- Various stakeholders gradually changing their behaviour as they record their required enhancements and bugs fixes in the product backlog rather than emailing the Product Manager and CC-ing half the company hoping that the long lists of people who have been copied on the email will somehow generate momentum to make it happen instantaneously.
- An understanding from commercial stakeholders that there will be periodic releases and therefore new features and enhancements will be released within a set time frame.
- Total transparency as groups of business and product owners meet each morning with the Product Manager and engineering teams to review commitments made the day before, discuss today’s commitments and identify impediments that stand in the way of the team delivering on commitments.
The implementation of an agile frame work had certainly helped in delivering software incrementally to the end users but has at the same time exposed a number of cross company issues and bottlenecks that could threaten return on investment (ROI).
Product Managers are agile managers: traditionally interfacing between the engineering team, various other technical teams and commercial/business stakeholders. Being in a pivotal position places them in the ideal place to act as exponents to change – assisting in changing a non-agile company into an agile one. This is especially true of Product Managers who have embraced an agile frame work, tasted the fruits of its success (in the software development life cycle) and now want to move the boundaries of agile working from beyond the engineering team(s) to other areas of the company. However such a programme whether formal or informal would require the full backing of chief executives who after all claim, according to a recent McKinsey survey on building nimble organizations, ranked agility as “very” or “extremely” important to their business success – with 91% stating that it had become more important for their companies over the past five years.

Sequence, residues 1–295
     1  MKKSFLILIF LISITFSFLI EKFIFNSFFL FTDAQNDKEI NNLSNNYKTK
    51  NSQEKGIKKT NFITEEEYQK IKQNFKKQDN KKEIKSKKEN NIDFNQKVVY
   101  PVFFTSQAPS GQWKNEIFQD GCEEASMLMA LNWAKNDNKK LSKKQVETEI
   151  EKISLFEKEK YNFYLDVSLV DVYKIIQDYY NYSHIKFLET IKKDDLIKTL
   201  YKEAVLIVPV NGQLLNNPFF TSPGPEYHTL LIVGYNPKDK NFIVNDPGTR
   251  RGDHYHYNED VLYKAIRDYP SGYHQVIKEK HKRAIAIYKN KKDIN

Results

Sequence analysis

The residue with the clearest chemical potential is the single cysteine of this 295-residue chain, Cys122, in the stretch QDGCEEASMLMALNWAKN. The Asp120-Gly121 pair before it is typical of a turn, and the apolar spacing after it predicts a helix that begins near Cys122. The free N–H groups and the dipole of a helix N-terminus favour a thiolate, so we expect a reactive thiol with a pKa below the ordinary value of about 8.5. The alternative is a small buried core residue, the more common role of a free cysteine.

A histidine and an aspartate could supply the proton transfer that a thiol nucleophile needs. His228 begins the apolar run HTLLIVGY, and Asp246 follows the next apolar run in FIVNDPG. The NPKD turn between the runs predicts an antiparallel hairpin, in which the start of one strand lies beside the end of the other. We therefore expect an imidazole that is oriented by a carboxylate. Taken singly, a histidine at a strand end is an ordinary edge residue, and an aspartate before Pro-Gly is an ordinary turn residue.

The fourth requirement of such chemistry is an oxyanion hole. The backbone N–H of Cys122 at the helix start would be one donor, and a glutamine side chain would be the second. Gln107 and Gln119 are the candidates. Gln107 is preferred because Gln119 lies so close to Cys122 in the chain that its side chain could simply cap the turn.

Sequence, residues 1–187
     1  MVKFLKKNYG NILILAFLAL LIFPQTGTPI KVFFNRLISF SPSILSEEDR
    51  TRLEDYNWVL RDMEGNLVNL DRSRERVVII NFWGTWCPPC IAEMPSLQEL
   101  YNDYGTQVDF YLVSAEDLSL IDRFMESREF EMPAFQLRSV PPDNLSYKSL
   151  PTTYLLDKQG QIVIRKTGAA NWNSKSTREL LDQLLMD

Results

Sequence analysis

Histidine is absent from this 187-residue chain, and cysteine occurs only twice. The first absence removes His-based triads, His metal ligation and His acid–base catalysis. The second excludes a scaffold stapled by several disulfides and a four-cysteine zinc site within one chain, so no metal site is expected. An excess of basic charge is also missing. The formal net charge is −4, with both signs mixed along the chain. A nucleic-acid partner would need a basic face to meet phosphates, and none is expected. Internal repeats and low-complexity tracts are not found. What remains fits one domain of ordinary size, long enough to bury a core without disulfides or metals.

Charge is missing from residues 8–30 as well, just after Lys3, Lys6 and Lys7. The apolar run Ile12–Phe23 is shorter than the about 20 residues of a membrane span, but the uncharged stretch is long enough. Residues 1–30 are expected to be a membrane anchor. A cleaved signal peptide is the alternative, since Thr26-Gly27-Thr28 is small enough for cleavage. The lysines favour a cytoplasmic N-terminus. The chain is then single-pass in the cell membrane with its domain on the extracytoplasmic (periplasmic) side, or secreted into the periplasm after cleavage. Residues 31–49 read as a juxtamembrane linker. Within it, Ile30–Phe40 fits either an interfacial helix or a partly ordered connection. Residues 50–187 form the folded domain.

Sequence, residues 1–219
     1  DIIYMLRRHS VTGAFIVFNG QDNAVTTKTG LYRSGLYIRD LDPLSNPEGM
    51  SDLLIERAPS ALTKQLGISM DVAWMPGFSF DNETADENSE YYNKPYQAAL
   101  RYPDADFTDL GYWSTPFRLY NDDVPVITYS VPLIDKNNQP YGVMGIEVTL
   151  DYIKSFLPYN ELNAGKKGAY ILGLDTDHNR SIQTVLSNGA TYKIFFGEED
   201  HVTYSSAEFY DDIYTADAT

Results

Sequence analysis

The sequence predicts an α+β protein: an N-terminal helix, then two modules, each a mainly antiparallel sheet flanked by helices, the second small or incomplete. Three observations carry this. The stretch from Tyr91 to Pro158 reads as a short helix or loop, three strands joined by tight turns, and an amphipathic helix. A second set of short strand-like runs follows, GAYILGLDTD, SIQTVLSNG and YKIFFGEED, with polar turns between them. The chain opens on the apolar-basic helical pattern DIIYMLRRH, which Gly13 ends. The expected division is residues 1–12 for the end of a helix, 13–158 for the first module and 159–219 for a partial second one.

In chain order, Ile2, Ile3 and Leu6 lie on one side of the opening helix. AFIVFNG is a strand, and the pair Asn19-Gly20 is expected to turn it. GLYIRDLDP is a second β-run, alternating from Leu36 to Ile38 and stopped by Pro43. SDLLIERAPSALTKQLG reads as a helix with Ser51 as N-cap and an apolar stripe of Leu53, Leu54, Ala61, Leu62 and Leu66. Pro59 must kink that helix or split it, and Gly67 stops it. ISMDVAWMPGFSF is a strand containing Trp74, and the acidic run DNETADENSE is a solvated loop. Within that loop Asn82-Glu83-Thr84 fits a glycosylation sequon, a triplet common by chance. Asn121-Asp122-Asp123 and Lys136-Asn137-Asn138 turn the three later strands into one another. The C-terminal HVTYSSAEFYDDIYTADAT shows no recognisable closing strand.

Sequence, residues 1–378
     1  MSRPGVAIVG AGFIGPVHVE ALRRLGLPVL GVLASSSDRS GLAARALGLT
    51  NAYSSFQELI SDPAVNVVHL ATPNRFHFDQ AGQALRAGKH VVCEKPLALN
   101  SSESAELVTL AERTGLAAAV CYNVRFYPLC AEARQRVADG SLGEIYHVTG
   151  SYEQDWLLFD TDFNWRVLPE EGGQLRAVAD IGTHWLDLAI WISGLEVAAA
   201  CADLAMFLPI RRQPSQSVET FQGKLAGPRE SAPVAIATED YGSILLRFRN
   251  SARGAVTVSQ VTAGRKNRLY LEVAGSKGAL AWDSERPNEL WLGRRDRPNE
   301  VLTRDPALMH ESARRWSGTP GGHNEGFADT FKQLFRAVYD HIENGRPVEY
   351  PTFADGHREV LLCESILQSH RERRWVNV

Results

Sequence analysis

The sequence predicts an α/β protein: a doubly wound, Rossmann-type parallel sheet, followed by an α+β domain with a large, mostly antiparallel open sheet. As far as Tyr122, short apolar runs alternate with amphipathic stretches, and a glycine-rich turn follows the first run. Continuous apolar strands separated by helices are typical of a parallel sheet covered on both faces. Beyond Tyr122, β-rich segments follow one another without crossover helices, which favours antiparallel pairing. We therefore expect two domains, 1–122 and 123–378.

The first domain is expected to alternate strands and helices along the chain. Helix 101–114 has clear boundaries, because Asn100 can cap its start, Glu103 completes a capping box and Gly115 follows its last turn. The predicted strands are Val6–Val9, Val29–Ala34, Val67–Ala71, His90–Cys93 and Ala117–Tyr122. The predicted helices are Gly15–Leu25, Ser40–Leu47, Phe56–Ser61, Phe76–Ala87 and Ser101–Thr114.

For more on this topic read the 1st half of : Think Big Think Agile Product Management